Tiptoeing Out

Last few days in the Cauldron. All paperwork cleared. I hope. The last thing I need is some bureaucrat telling me at the airport that I should have queued for hours at the Traffic Department to wait while a gentleman in an office stops watching the golf for a few moments to reach into his drawer for a stamp the size of the Papal Seal and dutifully initials it – reasons and purposes not specified. I confess to a frisson of anxiety, hoping to tiptoe out. At least I don’t share the same fate as the unfortunates who have been caught for ‘residency violations’…

“The number of residency violators dropped from 104,000 by the end of April 2012 to 95,000,” said a security source who made the statistics available to a local daily. On the other hand, the source questioned the effectiveness of the unscheduled security campaigns that has so far covered areas such as Khaitan, Amghara and Jleeb Al-Shuyoukh, in tackling the problem with no parallel efforts being carried out to stop residency traffickers.”

Italics mine.

One imagines men with batons stampeding through cramped apartment blocks where eight to a room means three hours sleep per person before being trucked out into the middle of nowhere to toil for ten hours in the heat.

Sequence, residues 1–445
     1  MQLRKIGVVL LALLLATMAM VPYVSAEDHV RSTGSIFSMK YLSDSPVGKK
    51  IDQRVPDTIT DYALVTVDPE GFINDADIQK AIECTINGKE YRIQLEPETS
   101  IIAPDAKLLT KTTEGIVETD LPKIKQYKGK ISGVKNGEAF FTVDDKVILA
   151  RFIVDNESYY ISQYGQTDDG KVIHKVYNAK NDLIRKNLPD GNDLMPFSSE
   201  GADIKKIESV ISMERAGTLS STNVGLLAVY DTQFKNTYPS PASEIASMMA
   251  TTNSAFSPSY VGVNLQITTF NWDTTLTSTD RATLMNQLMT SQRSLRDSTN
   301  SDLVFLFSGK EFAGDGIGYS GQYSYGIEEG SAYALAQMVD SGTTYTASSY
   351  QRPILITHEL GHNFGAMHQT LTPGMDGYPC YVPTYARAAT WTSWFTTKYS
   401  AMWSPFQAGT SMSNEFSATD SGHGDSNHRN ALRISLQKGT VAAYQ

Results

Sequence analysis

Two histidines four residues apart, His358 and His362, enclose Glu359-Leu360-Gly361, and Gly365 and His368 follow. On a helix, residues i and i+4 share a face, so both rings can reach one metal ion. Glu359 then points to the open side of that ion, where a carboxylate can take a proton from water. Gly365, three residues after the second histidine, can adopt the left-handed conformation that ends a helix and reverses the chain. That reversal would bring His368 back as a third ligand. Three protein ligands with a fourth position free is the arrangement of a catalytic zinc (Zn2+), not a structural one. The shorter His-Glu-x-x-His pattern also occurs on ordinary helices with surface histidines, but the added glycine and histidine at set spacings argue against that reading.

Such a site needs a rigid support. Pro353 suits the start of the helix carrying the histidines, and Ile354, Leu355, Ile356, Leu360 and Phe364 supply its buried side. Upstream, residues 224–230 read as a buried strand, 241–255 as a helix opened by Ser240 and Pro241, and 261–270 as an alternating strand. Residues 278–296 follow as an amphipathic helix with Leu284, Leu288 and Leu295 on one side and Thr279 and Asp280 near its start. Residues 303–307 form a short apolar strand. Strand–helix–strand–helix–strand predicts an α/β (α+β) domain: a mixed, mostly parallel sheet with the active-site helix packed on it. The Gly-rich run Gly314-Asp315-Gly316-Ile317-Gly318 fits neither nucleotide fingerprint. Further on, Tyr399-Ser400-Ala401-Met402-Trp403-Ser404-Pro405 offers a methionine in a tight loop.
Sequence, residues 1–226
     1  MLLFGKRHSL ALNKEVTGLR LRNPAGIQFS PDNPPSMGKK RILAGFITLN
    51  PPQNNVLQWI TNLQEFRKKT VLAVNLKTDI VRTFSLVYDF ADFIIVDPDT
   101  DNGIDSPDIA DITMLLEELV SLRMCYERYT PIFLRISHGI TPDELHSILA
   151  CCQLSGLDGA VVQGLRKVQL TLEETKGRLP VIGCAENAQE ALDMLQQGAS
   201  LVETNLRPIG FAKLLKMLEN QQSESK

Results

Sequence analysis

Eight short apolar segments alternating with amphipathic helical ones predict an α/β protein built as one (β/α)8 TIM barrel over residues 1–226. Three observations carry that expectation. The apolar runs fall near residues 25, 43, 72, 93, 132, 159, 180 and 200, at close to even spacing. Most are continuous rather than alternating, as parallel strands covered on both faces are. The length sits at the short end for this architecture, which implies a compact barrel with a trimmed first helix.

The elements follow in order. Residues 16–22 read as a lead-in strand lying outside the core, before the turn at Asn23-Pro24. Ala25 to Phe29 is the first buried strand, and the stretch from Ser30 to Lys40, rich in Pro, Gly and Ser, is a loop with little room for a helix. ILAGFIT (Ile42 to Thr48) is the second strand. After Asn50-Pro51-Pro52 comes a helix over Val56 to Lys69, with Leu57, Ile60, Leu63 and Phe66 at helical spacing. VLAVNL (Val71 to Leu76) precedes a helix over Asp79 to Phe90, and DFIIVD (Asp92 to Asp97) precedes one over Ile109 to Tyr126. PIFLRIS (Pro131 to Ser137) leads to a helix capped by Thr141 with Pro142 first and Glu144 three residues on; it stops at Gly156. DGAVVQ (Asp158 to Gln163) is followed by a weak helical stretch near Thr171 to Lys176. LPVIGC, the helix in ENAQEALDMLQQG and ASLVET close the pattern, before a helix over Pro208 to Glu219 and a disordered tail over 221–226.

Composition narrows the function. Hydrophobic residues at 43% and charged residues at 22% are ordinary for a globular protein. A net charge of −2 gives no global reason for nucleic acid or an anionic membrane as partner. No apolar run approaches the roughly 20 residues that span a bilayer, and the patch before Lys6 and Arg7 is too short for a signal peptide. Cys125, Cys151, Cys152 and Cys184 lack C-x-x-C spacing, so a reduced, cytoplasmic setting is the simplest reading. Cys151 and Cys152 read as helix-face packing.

It’s also fortunate that I have left the teaching profession – perhaps for good. Cheating in exams is – let’s say – widespread. There exists a pervasive mentality that it’s quite OK to try to buck the system – perhaps ethically similar to getting a good deal in the bazaar – but this story, unvarnished with critical editorial, made its way into the paper the other day.

“Police are on the hunt for a high school student who physically assaulted a teacher that caught him cheating during his final exam. The … student waited outside after being barred from appearing for the exam. The suspect reportedly attacked the teacher and fled the scene.”

Not many people swim in the sea. After Mishref – the smell lingered for months – I am among them and being of the male gender am untroubled by recent legislation, namely  bikinis for ladies are not permitted on public beaches. A spokesman for the Moral Awareness Department – interesting acronym – commented:

“Wearing a bikini is not acceptable in our community on public beaches. This doesn’t mean we will arrest a lady swimming in a bikini without doing an immoral act, unless we receive a complaint from someone.”

Yes. I thought that too.  So that’s OK then. Thanks to the Kuwait Times and Al Watan. Going to take my latest read with me “Around the World in a Bad Mood.”

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